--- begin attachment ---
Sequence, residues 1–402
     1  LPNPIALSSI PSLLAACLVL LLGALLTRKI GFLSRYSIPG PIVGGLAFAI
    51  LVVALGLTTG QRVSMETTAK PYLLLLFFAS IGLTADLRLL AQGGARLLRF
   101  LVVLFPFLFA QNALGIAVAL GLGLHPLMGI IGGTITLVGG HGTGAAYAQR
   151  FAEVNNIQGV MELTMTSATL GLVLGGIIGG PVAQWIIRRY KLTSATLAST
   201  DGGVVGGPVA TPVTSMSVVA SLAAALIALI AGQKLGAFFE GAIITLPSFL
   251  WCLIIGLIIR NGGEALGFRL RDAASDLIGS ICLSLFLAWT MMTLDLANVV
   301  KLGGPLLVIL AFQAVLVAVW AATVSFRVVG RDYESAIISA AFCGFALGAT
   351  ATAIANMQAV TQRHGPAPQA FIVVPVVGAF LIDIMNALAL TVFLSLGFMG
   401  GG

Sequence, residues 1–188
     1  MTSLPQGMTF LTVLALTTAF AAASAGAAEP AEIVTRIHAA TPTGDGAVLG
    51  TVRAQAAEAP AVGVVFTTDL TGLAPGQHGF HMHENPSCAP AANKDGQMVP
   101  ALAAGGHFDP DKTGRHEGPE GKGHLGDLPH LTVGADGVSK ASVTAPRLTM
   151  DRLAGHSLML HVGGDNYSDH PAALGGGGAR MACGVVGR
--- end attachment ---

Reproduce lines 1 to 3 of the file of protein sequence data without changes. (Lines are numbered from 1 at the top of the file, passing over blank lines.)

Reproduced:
Sequence, residues 1–402
     1  LPNPIALSSI PSLLAACLVL LLGALLTRKI GFLSRYSIPG PIVGGLAFAI
    51  LVVALGLTTG QRVSMETTAK PYLLLLFFAS IGLTADLRLL AQGGARLLRF